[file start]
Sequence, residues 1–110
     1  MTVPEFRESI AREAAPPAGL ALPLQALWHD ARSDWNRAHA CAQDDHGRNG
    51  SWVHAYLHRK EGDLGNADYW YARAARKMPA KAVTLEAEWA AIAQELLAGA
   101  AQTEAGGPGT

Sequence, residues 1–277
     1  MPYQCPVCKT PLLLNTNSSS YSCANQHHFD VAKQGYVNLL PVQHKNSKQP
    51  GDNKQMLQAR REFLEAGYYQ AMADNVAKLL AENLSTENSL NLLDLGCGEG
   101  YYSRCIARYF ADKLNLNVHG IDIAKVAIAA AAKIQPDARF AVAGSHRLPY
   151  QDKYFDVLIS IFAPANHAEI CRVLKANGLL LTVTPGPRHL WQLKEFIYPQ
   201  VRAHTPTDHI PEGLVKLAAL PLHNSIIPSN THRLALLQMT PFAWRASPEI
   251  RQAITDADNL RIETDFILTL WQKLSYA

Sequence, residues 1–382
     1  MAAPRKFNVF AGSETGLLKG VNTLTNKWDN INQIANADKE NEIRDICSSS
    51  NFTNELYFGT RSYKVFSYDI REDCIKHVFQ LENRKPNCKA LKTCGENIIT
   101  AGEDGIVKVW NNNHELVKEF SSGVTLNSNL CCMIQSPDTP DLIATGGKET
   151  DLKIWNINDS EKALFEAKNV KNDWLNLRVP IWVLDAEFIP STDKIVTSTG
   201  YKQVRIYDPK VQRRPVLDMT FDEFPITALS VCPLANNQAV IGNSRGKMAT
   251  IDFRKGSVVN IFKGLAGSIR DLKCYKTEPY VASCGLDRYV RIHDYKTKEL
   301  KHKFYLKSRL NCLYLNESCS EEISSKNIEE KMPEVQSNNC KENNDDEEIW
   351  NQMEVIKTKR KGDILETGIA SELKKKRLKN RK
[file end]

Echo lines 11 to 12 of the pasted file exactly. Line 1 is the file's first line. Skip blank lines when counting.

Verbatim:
   251  RQAITDADNL RIETDFILTL WQKLSYA

Sequence, residues 1–382